My Parents held every Species of Libertinage in such Contempt and horror, and held up constantly to view such pictures of disgrace, of baseness and of Ruin, that my natural temperament was always overawed by my Principles and Sense of decorum. This Blessing has been rendered the more prescious to me, as I have seen enough of the Effects of a different practice. Corroding Reflections through Life are the never failing consequence of illicit amours, in old as well as in new Countries. The Happiness of Life depends more upon Innocence in this respect, than upon all the Philosophy of Epicurus, or of Zeno without it. I could write Romances, or Histories as wonderfull as Romances of what I have known or heard in France, Holland and England, and all would serve to confirm what I learned in my Youth in America, that Happiness is lost forever if Innocence is lost, at least untill a Repentance is undergone so severe as to be an overballance to all the gratifications of Licentiousness. Repentance itself cannot restore the Happiness of Innocence, at least in this Life.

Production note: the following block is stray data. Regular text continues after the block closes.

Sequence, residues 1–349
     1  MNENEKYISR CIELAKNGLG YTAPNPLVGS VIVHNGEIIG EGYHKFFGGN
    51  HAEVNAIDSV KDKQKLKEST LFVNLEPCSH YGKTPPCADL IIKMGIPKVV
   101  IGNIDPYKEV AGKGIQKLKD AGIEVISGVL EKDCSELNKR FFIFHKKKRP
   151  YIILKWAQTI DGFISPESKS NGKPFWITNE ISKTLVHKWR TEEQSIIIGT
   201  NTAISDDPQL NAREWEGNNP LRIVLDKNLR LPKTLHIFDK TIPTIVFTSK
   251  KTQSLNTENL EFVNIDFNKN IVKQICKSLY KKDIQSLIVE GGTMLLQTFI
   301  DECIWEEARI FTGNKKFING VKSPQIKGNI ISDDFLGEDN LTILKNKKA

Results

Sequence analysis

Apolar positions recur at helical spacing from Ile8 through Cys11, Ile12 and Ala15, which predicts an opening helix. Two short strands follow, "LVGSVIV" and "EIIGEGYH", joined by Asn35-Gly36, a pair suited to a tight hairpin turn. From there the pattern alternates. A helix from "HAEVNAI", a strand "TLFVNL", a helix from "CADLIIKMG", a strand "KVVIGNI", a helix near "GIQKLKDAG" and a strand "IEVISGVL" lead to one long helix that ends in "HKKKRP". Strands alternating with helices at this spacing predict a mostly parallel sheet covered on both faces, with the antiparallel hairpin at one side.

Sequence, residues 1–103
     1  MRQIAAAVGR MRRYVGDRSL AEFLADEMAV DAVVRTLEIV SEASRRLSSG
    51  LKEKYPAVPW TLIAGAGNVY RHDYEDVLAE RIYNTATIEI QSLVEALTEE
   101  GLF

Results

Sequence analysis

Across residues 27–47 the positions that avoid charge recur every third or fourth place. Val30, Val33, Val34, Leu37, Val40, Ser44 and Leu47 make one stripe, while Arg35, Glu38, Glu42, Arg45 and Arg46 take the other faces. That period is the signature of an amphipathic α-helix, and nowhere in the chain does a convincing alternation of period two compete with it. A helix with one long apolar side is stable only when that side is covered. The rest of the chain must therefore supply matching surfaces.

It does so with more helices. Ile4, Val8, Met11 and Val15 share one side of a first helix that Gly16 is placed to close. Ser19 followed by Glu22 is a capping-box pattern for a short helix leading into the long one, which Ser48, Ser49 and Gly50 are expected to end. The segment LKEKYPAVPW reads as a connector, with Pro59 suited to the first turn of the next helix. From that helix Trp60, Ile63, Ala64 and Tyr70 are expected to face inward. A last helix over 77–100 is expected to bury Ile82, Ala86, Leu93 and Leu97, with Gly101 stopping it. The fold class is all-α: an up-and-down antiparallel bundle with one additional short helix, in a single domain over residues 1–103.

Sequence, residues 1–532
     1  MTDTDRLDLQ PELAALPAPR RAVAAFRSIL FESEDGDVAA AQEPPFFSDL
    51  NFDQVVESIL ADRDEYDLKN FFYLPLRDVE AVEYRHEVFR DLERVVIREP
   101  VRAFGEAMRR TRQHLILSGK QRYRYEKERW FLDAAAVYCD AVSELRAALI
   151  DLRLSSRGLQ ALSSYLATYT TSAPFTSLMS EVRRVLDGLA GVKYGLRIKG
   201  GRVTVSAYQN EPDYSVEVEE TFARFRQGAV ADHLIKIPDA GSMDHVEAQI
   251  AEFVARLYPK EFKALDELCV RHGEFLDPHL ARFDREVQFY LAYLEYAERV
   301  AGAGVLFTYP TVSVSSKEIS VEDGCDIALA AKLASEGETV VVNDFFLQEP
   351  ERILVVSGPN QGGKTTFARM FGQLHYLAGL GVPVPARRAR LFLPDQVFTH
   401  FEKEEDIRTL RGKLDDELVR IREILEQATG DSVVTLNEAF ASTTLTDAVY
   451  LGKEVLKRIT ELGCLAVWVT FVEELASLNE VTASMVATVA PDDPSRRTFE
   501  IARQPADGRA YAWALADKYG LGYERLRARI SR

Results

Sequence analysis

John Adams takes time out of his autobiography to lecture on the dangers of ‘libertinage’.
Deadbishop’s post had me think. There’s now two accounts from Hamilton’s sons that suggest he told them he got his smarts from his mother:
Alexander, Jr.: “My father was born on the island of Nevis, in the West Indies, of a Scotch father and a French mother. From the latter be inherited the financial talent that he afterward displayed in the office of Secretary of the Treasury.”
John: “His mother died when he was a child; but the traces of her character remained vividly impressed upon his memory. He recollected her with inexpressible fondness, and often spoke of her as a woman of superior intellect, highly cultivated, of elevated and generous sentiments, and of unusual elegance of person and manner.”
So it seems odd to me that so many (usually male) historians keep insisting Hamilton had harbored some secret deep grudge against his mother simply because she’s not mentioned in his surviving letters.
You know, you’re right. o_o;
I mean, I know that recollections from children can be sugar-coated, but this certainly qualifies as evidence. John’s description of her makes her sound like…well…Alexander Hamilton.